The Silver Lining to the Migraine Cloud
Painful Poetry: Haiku
During the week of 19 July, I blogged about “So Where IS God in all This?” My 2August post discussed how impossible it is for me to get to gratitude when I am in pain. Yet if I truly find the Divine in all things, then there surely is a way to connect with God through the migraines.
There is, it just doesn’t happen while I am in pain. It happens in other ways, and at other times, some cultivated, some simply by Grace.
For example, I am grateful for what the pain and the inconvenience of migraines has taught me:
* I have noted before (12July post) that a migraine stretches my nerves tight, making me impatient and abrupt. Given that patience is already not one of my stellar qualities, migraine or no, I’ve needed to learn a different way of being, or else I alienate those around me and isolate myself further. Learning to be patient while having a migraine has had an improving effect on my ability to be patient at other times.
* When I have no pain in my head, I am so grateful for that and for many small things of life that I would otherwise take for granted.
* I have also noted before (3August post) that practicing meditation, breathing and deep relaxation has changed my regular prayer practice immensely. It is much easier, now, to get to the deep quiet and peace that I crave, and for which I am grateful to the migraines.
* I am powerless over these migraines to the extent that my neurologist and I have found no medication that will help prevent them. I do have a PRN medication that alleviates the pain of most migraines, for which I am grateful. But it does not work 100% of the time, nor does it completely eliminate the pain in my head, nor have any effect on the strange fatigue and minor depression that accompany a migraine – except, ironically that fatigue and depression are side effects of this medication. So, what is there to be grateful for in this?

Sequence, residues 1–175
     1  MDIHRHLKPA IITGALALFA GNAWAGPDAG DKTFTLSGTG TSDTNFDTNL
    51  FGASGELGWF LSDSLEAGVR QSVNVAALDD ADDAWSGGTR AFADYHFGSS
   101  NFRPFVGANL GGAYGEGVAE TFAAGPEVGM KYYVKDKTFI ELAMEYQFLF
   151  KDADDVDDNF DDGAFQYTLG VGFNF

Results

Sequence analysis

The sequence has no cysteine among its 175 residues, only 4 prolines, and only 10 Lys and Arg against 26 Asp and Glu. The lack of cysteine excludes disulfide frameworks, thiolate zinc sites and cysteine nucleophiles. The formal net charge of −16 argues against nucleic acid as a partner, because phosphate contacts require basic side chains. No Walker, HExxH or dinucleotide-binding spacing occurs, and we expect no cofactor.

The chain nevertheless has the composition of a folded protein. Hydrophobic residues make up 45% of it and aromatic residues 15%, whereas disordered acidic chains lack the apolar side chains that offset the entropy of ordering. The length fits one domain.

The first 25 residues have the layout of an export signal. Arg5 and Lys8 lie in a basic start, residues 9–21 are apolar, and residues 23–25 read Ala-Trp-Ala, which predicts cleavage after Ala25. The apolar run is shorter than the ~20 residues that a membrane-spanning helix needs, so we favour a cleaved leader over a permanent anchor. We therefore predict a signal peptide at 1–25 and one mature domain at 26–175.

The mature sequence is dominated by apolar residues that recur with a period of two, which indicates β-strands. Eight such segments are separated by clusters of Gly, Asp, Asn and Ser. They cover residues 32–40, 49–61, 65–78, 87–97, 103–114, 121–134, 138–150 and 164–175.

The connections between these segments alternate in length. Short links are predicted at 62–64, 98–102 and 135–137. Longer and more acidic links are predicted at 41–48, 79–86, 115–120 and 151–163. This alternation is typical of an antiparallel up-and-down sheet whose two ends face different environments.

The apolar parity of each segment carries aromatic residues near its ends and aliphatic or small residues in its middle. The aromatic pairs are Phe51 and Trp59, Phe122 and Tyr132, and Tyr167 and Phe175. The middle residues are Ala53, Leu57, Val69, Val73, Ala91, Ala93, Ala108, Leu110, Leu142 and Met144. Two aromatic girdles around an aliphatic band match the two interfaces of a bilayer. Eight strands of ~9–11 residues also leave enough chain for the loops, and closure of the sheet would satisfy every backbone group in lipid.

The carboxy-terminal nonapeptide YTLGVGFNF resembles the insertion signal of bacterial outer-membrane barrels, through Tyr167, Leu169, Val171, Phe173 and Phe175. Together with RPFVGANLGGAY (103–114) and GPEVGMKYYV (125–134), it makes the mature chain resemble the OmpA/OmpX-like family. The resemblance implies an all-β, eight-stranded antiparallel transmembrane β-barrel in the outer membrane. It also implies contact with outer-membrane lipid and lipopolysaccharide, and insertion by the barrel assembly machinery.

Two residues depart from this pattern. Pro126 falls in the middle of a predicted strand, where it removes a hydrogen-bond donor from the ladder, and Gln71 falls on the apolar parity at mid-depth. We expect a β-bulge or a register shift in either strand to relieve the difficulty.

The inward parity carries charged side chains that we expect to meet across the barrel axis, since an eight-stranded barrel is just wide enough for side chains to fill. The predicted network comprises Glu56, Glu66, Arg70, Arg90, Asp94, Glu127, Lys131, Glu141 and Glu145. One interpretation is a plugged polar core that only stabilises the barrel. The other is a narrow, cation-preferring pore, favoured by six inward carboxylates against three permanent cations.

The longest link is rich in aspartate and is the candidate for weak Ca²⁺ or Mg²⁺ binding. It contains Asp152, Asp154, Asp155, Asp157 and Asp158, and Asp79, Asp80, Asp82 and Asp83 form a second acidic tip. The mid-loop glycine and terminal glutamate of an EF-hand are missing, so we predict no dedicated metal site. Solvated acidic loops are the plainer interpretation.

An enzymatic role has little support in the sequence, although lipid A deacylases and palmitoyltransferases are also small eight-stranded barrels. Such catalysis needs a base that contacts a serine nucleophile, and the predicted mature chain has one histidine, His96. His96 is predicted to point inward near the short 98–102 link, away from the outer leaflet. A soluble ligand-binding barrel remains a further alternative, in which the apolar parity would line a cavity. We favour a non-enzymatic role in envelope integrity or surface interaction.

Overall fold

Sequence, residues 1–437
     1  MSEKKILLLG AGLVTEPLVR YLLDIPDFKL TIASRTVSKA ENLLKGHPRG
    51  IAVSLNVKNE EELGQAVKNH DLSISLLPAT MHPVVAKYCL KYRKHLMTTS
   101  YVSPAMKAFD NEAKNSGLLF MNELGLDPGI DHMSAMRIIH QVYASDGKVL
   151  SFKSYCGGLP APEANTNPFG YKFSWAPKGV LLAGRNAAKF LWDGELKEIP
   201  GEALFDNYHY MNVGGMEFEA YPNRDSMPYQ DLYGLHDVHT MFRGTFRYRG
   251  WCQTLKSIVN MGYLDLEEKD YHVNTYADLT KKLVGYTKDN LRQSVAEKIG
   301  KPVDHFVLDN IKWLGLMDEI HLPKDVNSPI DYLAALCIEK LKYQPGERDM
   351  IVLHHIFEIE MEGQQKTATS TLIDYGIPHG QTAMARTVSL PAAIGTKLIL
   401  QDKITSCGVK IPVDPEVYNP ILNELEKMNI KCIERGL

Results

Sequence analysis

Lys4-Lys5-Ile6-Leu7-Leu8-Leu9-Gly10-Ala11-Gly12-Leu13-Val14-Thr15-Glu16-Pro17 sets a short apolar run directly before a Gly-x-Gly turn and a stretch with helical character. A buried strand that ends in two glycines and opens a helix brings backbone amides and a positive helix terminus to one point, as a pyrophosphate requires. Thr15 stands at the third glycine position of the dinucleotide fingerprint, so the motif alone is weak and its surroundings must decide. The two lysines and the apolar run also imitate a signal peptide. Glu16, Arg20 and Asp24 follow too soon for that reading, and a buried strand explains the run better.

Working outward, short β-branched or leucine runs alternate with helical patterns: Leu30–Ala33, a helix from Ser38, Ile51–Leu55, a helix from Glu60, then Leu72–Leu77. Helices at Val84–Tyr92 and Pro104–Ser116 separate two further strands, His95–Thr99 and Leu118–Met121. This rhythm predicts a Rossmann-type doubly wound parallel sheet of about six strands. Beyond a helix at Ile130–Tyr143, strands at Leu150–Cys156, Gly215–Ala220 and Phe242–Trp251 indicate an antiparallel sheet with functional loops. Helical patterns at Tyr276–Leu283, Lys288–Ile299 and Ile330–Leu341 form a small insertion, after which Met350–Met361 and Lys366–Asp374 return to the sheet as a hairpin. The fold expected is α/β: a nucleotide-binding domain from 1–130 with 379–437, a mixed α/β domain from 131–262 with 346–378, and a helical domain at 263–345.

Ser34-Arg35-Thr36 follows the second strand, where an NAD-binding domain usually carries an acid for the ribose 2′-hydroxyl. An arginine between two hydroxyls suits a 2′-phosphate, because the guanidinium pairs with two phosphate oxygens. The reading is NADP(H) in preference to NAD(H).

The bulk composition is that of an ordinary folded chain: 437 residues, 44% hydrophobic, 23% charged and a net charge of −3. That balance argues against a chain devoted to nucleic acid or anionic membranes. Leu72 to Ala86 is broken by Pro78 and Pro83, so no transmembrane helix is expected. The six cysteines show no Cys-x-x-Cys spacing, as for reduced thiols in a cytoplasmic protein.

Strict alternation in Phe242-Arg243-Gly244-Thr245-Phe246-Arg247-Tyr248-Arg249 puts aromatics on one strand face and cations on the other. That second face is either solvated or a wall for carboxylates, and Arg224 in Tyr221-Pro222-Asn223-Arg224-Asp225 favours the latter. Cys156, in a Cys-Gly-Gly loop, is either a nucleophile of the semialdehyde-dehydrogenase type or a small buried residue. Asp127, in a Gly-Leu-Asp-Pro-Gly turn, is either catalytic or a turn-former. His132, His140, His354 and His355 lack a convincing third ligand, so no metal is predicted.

If you know the 12-Step Program, you know that the concept of powerlessness is at its heart. The lessons of powerlessness over the migraines seep out into other parts of my life, and I have noticed in myself a calmer, broader acceptance of circumstances and of my own and others’ behavior. That is truly a blessing.
So the upshot of this is that, although I cannot be grateful for the actual migraines, it is clear to me that there are aspects of my life that have changed for the better as a direct result of them.
This is how I find God and gratitude in the chronic pain of migraines.
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Original, if Awkward, Attempts to Find Humor in Pain
A Pain Haiku
Tearing shards of pain -
We'll just watch my head explode.
Pick up the pieces.
Carol D. Marsh
- With a Master of Fine Arts in Creative Nonfiction degree (Goucher College, August 2014), I am looking at a new phase in my life. From 1992 to 2009, I served as Founding Executive Director of Miriam's House, a residence for homeless women living with AIDS. I left this position when Chronic Migraine Disease overtook my ability to do my job. Now I hope that a writing career will both accommodate the migraines and give me a creative, productive outlet. And soon, September 4, I will launch my Inkshares author page in a bid to hit the 1,000 pre-order goal in 90 days. The book I want to publish is "Nowhere Else I Want to Be," a memoir of ten of my years at Miriam's House.